Fri, Sep 27, 2019 - Page 8 News List

US should confirm the AIT director

By Mike Kuo 郭正光

On Aug. 11, the New York Times crossword puzzle had a particularly easy clue for 18 across: “Most populous nation not in the UN.” The answer? Taiwan, of course. So, no wonder most of my fellow Americans are surprised to hear that the US and Taiwan, despite our long-standing and close alliance, do not have diplomatic relations.

The fact that the US Senate does not confirm the US’ top diplomat to Taiwan, as it does for all other countries, comes as a surprise as well. After all, US law recognizes Taiwan as an independent, sovereign country with its own territory, government and population.

Yet, without strong US backing for Asia’s freest democracy, China’s anaconda strategy in world diplomacy will fatally strangle Taiwan’s international space.

The Formosan Association for Public Affairs fears Taiwan might not be receiving the vital recognition and respect in Washington that the country needs to survive as a US partner in democratic Asia.

It therefore urges the legislature to reimpose the constitutional requirement for Senate advice and consent in the US president’s appointment of the director of the American Institution in Taiwan (AIT).

Article II, Section 2, of the constitution says that the president “shall nominate, and by and with the Advice and Consent of the Senate, shall appoint Ambassadors, other public Ministers and Consuls, Judges of the Supreme Court, and all other Officers of the United States, whose Appointments are not herein otherwise provided for.”

The 1979 US Taiwan Relations Act, signed by then-US president Jimmy Carter on April 10, 1979, mandates that committees of the US Congress shall monitor the “operation and procedures” of the AIT.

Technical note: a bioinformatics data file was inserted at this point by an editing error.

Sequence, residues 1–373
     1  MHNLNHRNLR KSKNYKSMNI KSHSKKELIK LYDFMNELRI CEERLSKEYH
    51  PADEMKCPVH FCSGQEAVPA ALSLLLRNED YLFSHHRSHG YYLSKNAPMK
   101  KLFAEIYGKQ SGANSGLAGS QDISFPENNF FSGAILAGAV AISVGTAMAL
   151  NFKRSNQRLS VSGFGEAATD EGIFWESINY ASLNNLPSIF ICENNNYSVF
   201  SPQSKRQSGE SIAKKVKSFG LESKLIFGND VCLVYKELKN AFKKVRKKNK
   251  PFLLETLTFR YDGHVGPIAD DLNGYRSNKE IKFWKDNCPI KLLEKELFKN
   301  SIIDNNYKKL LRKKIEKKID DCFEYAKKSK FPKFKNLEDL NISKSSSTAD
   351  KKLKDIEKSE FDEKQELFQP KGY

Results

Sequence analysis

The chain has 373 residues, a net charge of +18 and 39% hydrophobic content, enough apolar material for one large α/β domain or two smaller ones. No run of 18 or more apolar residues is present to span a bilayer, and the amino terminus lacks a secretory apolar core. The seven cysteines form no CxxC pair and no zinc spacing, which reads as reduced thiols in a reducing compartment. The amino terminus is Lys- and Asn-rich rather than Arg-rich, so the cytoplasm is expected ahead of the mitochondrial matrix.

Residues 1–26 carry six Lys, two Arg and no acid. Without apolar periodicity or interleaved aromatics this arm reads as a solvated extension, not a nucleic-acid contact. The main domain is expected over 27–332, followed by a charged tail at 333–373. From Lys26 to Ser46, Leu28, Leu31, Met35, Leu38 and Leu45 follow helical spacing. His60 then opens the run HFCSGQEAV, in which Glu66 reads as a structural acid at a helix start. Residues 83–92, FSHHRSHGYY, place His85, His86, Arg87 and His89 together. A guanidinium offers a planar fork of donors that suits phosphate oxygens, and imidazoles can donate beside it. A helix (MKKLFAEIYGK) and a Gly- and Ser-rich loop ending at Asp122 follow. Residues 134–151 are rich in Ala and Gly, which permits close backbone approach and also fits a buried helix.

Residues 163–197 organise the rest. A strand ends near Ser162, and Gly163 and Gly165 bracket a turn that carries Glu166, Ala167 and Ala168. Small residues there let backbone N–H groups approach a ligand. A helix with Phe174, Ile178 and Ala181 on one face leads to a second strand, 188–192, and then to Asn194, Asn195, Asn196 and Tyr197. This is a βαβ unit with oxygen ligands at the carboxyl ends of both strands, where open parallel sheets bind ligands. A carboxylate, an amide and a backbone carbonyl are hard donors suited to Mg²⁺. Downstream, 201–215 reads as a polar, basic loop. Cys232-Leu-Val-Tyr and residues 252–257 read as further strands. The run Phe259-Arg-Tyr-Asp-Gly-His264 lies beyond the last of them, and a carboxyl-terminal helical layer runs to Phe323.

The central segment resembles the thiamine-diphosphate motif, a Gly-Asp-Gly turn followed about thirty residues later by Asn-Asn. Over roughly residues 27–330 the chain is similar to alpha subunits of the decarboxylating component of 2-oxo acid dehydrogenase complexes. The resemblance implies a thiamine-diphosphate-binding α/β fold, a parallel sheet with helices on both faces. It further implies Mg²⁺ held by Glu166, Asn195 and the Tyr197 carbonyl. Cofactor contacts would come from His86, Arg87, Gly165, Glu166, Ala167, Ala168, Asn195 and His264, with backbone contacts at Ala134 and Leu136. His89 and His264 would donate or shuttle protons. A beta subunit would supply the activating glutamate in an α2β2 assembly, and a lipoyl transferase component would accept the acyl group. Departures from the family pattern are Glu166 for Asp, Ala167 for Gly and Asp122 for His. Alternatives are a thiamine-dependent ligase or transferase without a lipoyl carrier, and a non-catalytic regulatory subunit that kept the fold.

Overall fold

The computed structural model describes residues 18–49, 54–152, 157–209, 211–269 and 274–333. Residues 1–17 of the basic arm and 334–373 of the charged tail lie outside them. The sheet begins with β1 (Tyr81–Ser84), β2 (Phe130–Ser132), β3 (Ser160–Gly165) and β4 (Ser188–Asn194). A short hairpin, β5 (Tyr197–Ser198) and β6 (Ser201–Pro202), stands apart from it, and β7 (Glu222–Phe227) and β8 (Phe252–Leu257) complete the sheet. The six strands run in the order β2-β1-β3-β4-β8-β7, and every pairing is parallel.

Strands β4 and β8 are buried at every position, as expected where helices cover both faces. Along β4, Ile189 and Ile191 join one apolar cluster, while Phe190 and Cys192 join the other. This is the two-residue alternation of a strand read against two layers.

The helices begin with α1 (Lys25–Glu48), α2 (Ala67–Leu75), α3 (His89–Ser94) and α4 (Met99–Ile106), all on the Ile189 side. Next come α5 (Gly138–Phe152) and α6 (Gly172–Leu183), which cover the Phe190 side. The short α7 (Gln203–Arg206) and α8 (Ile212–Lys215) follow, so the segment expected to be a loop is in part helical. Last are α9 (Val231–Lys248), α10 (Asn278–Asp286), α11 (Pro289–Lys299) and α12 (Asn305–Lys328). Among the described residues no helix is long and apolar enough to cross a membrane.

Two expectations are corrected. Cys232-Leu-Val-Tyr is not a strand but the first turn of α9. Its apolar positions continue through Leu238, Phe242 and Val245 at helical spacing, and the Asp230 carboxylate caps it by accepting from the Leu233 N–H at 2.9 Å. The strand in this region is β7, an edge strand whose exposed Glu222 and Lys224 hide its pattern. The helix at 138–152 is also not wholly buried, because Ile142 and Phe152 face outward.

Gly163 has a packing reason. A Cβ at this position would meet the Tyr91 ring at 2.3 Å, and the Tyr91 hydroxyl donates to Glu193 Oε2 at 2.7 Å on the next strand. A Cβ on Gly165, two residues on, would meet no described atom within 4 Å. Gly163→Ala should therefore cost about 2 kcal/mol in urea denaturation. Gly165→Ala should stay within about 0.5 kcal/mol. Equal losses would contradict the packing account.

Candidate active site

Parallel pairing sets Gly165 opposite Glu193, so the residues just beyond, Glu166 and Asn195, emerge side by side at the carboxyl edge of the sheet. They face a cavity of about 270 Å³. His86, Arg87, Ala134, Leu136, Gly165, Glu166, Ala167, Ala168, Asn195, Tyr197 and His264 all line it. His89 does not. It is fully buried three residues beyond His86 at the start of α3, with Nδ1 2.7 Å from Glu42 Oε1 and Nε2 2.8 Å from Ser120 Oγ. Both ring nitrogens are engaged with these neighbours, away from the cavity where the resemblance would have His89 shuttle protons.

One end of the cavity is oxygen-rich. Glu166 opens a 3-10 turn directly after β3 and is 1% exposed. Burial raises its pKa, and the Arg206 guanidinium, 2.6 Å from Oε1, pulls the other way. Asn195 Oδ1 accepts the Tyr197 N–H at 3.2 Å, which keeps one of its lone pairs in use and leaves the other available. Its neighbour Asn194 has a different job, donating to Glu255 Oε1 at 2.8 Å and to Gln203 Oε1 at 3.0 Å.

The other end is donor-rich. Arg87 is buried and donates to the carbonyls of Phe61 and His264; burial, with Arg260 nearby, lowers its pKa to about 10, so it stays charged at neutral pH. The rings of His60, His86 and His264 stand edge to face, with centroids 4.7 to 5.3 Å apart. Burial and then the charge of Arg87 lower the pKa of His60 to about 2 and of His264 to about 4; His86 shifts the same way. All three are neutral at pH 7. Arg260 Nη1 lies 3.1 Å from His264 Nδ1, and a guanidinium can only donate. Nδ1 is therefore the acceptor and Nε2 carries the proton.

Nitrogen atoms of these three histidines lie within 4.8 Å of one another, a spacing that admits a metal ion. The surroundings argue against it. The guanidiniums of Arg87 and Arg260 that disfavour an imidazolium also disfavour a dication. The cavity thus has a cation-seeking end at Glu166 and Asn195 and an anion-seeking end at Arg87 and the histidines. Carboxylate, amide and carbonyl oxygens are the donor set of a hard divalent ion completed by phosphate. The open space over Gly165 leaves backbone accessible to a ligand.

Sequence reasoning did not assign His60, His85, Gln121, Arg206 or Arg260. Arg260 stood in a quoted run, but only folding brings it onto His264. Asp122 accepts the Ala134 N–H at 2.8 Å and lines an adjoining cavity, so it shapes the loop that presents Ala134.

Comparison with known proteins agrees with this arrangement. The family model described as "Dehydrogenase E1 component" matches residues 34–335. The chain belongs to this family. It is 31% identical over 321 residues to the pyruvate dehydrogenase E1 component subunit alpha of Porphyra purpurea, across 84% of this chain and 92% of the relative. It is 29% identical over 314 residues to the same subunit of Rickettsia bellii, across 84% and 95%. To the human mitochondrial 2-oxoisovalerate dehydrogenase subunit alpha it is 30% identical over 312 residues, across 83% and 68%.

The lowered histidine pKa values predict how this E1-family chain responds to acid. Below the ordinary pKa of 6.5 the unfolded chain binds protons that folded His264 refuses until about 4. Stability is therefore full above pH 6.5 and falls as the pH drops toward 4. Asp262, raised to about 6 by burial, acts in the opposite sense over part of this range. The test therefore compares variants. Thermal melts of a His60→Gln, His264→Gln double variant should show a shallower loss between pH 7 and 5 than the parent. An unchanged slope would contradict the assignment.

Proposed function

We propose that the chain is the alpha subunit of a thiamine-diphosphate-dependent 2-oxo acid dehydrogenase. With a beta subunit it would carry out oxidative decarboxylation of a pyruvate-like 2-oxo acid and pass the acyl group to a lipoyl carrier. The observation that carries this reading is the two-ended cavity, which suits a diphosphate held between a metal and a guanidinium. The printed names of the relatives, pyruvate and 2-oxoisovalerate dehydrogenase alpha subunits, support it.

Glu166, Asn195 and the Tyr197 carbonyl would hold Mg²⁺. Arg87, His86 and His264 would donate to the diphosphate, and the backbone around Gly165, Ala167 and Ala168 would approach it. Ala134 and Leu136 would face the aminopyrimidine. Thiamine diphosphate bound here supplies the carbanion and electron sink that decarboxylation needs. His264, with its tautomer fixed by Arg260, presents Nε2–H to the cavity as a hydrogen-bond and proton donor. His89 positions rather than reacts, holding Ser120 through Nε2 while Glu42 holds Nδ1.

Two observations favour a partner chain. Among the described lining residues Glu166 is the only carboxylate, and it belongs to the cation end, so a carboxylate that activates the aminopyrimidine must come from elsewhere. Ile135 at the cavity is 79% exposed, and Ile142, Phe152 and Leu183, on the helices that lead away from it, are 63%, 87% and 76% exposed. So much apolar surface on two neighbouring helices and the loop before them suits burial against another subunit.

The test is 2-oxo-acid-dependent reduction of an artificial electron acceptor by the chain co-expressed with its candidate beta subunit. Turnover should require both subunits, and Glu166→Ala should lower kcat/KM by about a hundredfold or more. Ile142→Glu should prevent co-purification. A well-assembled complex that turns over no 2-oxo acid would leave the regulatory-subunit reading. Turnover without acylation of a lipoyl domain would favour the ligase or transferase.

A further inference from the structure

The AIT’s Web site only admits that the US Department of State provides a “large part” of its funding “and guidance in its operations.”

Truth be told, the US secretary of state is the sole source of the AIT’s money, and is the sole selector of AIT’s “director” — the exact equivalent of an ambassador in every respect.

The AIT director supervises a large multiagency US mission with foreign service officers from the US departments of agriculture, commerce, defense and others, as well as the state department, exactly as a chief of mission would in any other US embassy.

The AIT’s Taipei office has also had a “consular section,” staffed with active-duty US consuls and vice consuls for several years.

Allowing the secretary of state to self-advise and self-consent, and then self-appoint the nation’s ambassador to Taiwan, arguably, is an unconstitutional delegation of the Senate’s legislative power to the US executive branch.

It seems indefensible for the executive branch to pretend that an official mission to a foreign country such as the AIT, staffed exclusively by executive branch officers, funded exclusively from the US Department of the Treasury, and operating solely at the direction of the secretary of state, is not an embassy.

It is also disingenuous in the extreme to say that the chief of that mission is not an ambassador, or a public minister or a consul, or even an “officer of the United States whose appointments are not ... otherwise provided for” in the constitution.

To this day, the official nature of high-level US-Taiwan interactions has remained unchanged. However, some recent moves on the US side bode well for a more normal bilateral relationship.

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